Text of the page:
The SEWA members had a meeting and voiced the harassment they faced as workers. Many women work in large kitchen catering for restaurants, marriages, parties etc. They bring along their daughters to work, but while working with men in the kitchen they feel insecure and are sometimes the victims of physical abuse. Many times younger girls would not realize that they are being victimized by men physically. Many women confessed the fact that they were physically taken advantage of. They said if they refused they would not be given their payments and sometimes lost their work. The harassment was not only restricted to the men working with them but it also involved men at whose place the occasions were held.

Women vegetable vendors start their work in the early hours of the morning. They leave to buy vegetables in the Jamalpur vegetable market of Ahmedabad. These women vendors in the recent times have felt very insecure about their safety. Under the pretext of providing vegetables to the women the middlemen would use it as an opportunity to touch them. Not only this they would use dirty language, give spoiled vegetables or lesser quantities of vegetables to the women. Women would also be taken advantage of by the rickshaw drivers. If the women vendors co-operate with the sexual behaviour of the rickshaw drivers then services like dropping off the goods right at their doorstep and lesser or no rickshaw fares are taken from them.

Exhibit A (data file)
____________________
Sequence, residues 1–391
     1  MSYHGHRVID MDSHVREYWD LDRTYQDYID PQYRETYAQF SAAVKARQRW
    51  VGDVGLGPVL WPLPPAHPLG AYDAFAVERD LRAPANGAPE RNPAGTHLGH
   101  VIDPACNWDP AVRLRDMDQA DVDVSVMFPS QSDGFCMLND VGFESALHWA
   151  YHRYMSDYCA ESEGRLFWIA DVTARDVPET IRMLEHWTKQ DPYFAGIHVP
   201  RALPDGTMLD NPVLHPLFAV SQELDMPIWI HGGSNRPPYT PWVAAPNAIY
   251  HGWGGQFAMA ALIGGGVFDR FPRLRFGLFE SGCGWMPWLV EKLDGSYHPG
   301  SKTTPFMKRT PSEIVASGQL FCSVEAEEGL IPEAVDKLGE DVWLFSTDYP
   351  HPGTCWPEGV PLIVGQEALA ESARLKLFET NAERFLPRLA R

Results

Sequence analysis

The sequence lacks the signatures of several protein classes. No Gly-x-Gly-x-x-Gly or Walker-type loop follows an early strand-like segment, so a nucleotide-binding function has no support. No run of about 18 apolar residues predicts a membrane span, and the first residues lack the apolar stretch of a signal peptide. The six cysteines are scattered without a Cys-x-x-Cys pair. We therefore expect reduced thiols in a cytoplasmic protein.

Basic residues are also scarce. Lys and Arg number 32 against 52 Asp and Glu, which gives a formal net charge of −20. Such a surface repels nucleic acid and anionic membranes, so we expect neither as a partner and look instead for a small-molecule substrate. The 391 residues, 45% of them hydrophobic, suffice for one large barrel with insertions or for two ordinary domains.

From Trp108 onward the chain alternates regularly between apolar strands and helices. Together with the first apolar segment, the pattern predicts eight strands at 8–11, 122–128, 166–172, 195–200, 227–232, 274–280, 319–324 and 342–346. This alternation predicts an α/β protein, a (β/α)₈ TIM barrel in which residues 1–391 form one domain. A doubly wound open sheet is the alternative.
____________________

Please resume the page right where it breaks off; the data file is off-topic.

Women working as construction and masonry workers are often exploited at their work place itself. The contractor himself would take liberty with these women. If the women object to his demands he would either refuse to pay her wages or give her lesser wages, burden her with more work or deny her work the next day, send her home if she comes late to work and refuse to grant her leave when she would need it the most.

Similar plight is faced by women paper and rag pickers. Women rag pickers work in filthy environments under any weather conditions and have to search though hazardous waste. They start their work early and hence have to roam through the empty streets. They are always afraid that they may run up against criminals. While taking the rickshaw to go to different places to collect rags they are often subjected to exploitation by the drivers. When women waste pickers go to the societies to collect waste the security guards of the societies make unreasonable demands from them. These women work from 3 in the morning till 7 in the evening and barely earn around Rs 50 to Rs 70 per day. Those women who regularly go to the sewage farm to collect waste are subject to such bad experiences as well. Now many young girls too have started gathering waste early in the morning. This has increased the fears of their security amongst their mothers.